With careful planning and with a few days annual leave, a long expedition – 10 days plus – is not only possible, but potentially life-changing, says Tania Seward
Like many trampers, I considered myself something of a weekend warrior, accustomed to fitting in as much tramping as possible between 6pm Friday and 10pm Sunday. I had it down to a fine art: takeaways en route the first night, a gourmet dinner the second night, and finally a hot shower at home on Sunday night. It was a tried and tested formula that worked well, with the occasional long weekend thrown in for variety.
The problem with tried and tested formulas is they don’t handle change particularly well. When offered the opportunity to spend 11 days tramping between Otira near Arthur’s Pass and Windy Point on SH73, my first thought was a fervent ‘no’. However, the tramping guidebook sitting on my bookshelf mocked me. ‘Go,’ it said. ‘You’ve always said you wanted to do the Dusky Track and this will be good practice. Now get packing.’
Two weeks later we arrived at the track start in Otira, and it started raining. Twenty four hours later it still showed no sign of letting up and I knew, without even leaving the tent, that we wouldn’t be crossing the Otira River that day. Boiling water for yet another cup of tea, I inwardly cursed that guidebook and contemplated the ignominy of being tent-bound barely 500m from SH73. The temptation to hitch a ride to Arthur’s Pass for an espresso was overwhelming.
After two nights camped on the banks of the Otira, I’d had plenty of opportunity to reflect on one of the most important lessons of backcountry expeditions: when the river is too high to cross, all you can do is hurry up and wait (and make another pot of tea).
Luckily for us, time was something we had plenty of. Instead of doing the Harper Pass route in the recommended four to five days, we’d decided to take it slow, and allow 11 days for the journey. Short distances each day – as well as two rest days – ensured we had no trouble stretching the journey out. For trampers with dicky knees or reservations about multiple long days on the trot, stretching out a five or six day journey is an excellent progression to 10-day trips and longer.
As we gradually made our way towards Harper Pass, it dawned on me that I was relaxed, in a way that I hadn’t been for years. The simple act of walking each day had become the easiest thing in the world to do. I had been swept up in the rhythm of the backcountry. You rise to the sun, turn in when it gets dark, eat when you’re hungry and stop when you’re tired. It’s a rhythm governed not by metronomic time or human schedules, but by the natural world.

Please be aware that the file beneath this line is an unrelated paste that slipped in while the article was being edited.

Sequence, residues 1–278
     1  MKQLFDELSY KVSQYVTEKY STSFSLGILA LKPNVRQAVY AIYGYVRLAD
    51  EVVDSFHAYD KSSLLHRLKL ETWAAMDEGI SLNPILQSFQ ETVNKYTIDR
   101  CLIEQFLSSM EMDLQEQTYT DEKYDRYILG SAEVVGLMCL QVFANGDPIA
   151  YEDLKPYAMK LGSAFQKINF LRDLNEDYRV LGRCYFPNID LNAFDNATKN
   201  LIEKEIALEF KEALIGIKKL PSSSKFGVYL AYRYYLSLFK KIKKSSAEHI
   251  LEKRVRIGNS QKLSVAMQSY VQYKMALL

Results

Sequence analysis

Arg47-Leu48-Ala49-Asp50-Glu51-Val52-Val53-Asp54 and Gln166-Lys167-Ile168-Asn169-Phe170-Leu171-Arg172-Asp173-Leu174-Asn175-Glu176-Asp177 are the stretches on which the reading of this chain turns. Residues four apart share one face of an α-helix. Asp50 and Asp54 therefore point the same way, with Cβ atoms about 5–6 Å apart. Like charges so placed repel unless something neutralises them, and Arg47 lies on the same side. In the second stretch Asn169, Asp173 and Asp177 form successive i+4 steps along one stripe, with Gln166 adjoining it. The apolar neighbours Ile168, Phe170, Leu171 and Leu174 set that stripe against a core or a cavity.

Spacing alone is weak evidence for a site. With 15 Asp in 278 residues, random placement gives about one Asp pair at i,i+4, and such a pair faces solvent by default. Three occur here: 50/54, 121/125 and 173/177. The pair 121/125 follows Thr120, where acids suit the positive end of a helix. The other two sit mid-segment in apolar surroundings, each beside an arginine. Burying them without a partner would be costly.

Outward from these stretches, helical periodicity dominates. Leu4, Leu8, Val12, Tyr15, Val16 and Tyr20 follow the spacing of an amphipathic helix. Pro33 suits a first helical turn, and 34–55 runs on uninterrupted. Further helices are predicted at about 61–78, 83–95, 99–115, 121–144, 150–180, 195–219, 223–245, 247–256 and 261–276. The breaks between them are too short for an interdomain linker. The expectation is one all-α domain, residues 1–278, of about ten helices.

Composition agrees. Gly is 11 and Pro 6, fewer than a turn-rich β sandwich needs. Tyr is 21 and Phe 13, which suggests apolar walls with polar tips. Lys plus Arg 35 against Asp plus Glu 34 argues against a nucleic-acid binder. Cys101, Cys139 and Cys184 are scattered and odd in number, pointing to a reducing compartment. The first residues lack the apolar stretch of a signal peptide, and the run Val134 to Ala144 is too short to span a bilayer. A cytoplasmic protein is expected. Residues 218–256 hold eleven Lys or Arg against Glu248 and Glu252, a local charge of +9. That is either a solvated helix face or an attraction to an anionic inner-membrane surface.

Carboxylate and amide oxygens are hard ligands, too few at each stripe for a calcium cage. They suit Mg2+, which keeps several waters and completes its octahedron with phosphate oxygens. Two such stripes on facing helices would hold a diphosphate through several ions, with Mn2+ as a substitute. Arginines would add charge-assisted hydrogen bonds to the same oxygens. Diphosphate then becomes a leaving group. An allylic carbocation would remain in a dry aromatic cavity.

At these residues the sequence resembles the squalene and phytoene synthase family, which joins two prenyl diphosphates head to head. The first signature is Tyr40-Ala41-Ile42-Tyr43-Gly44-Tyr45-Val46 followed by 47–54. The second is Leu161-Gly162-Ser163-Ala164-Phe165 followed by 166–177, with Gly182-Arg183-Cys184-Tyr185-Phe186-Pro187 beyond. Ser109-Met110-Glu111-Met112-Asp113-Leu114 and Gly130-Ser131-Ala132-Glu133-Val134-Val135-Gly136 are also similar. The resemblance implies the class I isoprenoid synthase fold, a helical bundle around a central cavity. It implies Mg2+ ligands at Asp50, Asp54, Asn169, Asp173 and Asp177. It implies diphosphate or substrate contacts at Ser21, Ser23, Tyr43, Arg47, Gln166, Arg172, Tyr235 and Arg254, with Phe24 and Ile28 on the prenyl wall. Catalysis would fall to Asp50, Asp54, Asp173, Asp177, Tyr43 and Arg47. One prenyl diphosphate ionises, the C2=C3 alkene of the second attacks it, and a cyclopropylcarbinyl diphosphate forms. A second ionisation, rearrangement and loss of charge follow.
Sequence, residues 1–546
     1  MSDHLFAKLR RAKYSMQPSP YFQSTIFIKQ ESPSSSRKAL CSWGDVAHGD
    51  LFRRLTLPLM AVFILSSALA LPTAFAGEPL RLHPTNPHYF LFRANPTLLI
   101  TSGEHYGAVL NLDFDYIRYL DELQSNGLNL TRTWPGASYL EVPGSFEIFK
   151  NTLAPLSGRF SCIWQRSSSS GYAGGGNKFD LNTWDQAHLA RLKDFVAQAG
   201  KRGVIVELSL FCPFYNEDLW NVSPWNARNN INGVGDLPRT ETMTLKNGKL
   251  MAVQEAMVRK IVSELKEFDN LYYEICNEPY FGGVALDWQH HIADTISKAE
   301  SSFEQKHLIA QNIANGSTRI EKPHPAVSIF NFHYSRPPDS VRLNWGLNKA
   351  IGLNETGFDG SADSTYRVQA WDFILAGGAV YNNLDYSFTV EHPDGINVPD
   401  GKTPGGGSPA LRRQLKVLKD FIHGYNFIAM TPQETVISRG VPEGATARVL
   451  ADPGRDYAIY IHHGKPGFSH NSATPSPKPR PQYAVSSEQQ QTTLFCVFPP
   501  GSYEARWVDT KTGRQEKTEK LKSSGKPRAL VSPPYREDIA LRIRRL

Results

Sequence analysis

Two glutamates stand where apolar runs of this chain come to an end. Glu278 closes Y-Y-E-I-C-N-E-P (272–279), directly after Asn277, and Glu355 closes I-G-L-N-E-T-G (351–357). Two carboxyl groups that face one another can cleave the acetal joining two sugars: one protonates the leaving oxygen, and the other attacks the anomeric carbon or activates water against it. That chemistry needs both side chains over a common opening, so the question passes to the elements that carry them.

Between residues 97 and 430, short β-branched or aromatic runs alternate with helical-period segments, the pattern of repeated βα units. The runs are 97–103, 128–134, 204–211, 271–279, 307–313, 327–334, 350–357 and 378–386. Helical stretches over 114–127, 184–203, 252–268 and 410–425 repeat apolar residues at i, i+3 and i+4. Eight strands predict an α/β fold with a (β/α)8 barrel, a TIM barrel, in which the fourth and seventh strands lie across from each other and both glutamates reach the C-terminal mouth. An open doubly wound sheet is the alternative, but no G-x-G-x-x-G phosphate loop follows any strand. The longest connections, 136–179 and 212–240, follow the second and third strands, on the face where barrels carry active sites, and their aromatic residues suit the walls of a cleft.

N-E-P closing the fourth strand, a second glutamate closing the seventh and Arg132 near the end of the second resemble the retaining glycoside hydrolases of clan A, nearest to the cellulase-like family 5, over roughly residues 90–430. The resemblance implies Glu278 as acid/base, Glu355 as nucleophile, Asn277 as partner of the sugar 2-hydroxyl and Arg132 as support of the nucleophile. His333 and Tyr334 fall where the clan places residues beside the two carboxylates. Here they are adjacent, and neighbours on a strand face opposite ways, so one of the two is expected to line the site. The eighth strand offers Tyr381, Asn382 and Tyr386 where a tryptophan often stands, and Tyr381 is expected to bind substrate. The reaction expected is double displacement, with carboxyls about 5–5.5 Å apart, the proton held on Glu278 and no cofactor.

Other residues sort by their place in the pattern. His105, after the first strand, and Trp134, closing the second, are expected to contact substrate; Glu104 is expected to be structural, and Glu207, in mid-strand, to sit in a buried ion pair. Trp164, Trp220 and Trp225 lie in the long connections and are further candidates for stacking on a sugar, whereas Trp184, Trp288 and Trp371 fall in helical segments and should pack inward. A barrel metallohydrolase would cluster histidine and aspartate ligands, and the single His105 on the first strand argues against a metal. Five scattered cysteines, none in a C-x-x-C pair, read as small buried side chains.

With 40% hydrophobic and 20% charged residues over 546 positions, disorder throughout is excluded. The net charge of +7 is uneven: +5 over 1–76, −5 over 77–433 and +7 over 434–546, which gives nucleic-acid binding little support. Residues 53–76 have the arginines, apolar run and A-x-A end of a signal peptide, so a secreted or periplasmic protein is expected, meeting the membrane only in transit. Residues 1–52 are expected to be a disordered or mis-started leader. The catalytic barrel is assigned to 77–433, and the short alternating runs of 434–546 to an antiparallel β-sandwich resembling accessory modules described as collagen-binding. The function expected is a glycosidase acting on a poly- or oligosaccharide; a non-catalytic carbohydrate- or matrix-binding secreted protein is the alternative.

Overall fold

The weather has its own rhythm as well. New Zealand is subjected to a new pressure system every six to eight days, making it unlikely a long expedition would encounter only glorious sunshine. Having a mountain radio for weather information is useful, but so too is learning to read the clouds and the wind for signs of approaching gloom.
As your body clock adjusts, so too do your eyes and brain. Instead of being glued to a back-lit screen, your pupils scan the landscape as you walk. Hanging valleys, glaciated landscapes, remnant podocarp forest and stands of beech all come together like pieces of an ecological puzzle. My pocket-sized guidebooks on native birds and trees, purchased years earlier and never used, finally proved their worth.
If all that wasn’t enough, being in the hills for an extended period has a wonderful way of opening the conversational floodgates. No longer constrained by the reticence that accompanies a weekend trip with strangers, our group quickly discovered that no topic was sacred. Religion, politics, evolution and the phoenix-like qualities of Winston Peters were all dissected as we moved steadily eastwards.
As the trip wore on, I started doing something I hadn’t done in years: keeping a diary. Shaun Barnett had suggested this to me years ago as a way of aiding the memory when writing trip reports, which were often weeks or months after the event. Sitting in Camerons Hut by candlelight, jotting down what I’d seen and done felt like the most natural thing in the world. Long nights also provide excellent opportunities for reading long books, although carrying the 832-page The Luminaries would add significantly to your pack weight. Those wishing to tackle such a weighty tome should consider a Kindle.
To quote environmental philosopher John Muir: ‘Thousands of tired, nerve-shaken, over-civilised people are beginning to find out that going to the mountains is going home; that wildness is a necessity.’ It’s near on impossible to get wildness in a weekend. But head out for longer, and you might just get a taste of it.
North West Circuit, Stewart Island
With water taxi access, established huts and a well marked track, this loop track takes 9-11 days to complete.
Otira to Windy Point
This five-day route between Westland and Canterbury can be extended to 10 by incorporating side trips and a couple of rest days
North-South Track, Kaimai-Mamaku Forest Park
The North-South track takes around seven days to complete, but incorporating some track maintenance or pit days would easily make 10